Wednesday, 26 May 2010

A History of Betrayal

I did my best while researching The Infiltrator to visit key locales in Chicago, New York, Paris, London, Colchester and Dublin. This led to a strange discovery when I was in the Greenwich Village section of Manhattan, New York.

I was curious to take a look at the building at 161 West 4th Street where defectors from the Irish independence movement secretly went to the British government to become paid informers in North America.

The narrow brick townhouse that housed the office of British consul Edward Mortimer Archibald in the 1860s sits in what today is a fairly trendy address, although there's now a sex shop next door.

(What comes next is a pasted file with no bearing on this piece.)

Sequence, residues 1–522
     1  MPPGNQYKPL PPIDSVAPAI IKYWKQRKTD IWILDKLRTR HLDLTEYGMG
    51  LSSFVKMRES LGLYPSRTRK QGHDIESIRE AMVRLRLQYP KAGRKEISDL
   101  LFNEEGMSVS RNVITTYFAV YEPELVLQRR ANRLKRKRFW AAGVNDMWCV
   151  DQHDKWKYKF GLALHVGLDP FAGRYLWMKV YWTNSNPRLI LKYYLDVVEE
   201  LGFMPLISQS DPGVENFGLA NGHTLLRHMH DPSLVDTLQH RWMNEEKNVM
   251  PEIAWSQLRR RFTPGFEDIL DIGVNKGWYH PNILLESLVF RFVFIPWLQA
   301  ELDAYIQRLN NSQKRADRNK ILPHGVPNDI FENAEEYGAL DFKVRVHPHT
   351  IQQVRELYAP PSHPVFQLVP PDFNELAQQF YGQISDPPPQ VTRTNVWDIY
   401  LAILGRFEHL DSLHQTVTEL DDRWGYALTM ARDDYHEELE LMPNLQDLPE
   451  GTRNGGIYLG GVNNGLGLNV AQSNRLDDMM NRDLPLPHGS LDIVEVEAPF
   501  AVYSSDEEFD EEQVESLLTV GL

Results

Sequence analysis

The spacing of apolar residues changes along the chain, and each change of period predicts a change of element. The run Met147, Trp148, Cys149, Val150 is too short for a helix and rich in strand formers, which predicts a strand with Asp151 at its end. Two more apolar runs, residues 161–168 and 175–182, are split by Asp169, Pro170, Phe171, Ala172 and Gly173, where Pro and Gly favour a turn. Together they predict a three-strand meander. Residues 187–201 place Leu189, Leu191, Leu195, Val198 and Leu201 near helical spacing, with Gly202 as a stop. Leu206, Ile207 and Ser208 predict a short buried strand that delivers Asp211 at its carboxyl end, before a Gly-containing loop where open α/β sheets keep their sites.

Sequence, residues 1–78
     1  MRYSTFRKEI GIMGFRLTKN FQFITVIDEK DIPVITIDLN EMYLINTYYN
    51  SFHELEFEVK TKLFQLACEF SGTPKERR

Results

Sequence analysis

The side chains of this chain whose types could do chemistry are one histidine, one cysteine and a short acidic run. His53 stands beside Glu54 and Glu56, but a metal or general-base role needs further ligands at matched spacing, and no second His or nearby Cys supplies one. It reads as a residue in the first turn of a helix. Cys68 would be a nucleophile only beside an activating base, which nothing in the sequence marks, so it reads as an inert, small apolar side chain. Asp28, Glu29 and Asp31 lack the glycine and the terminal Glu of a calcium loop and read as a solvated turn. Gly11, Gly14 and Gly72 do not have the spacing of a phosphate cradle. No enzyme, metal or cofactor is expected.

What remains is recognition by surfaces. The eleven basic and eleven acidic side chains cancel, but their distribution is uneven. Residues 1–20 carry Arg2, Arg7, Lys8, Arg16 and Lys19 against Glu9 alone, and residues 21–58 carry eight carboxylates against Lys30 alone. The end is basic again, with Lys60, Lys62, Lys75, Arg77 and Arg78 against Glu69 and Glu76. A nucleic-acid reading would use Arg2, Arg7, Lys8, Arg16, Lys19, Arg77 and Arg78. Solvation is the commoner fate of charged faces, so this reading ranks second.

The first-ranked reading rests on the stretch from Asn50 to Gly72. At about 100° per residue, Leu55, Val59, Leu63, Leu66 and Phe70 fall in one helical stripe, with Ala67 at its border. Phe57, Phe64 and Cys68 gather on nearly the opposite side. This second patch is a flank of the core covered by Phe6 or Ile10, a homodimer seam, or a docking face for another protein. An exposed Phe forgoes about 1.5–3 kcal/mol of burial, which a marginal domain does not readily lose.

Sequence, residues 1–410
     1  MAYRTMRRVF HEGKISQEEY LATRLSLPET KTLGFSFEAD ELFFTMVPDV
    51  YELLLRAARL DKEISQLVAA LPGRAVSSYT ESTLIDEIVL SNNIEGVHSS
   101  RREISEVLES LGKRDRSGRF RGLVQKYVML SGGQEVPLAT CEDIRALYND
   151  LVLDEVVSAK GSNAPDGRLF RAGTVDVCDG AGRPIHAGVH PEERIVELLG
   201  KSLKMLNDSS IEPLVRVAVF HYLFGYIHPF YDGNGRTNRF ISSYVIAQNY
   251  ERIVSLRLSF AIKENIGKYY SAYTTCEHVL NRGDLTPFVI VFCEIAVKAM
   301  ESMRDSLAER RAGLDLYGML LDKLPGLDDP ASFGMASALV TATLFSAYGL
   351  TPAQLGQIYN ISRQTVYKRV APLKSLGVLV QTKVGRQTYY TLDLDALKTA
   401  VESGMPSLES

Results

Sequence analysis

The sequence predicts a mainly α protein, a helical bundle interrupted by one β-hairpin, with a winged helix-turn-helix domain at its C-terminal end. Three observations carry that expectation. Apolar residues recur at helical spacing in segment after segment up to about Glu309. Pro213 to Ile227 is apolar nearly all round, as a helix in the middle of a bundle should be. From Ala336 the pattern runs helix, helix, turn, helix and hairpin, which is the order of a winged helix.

It's the same address where, almost 50 years ago, a young Bob Dylan lived, before he became famous. Dylan was describing his experiences in this neighbourhood in 1965 when he recorded "Positively 4th Street."

The theme of the song? Betrayal.

The song is about false friends in the artistic community, but Dylan could have been writing about the independence movement, when he wrote:

"You got a lotta nerve
To say you got a helping hand to lend
You just want to be on
The side that's winning."

Peter Edwards, author of The Infiltrator: Henri Le Caron, the British spy inside the Fenian movement

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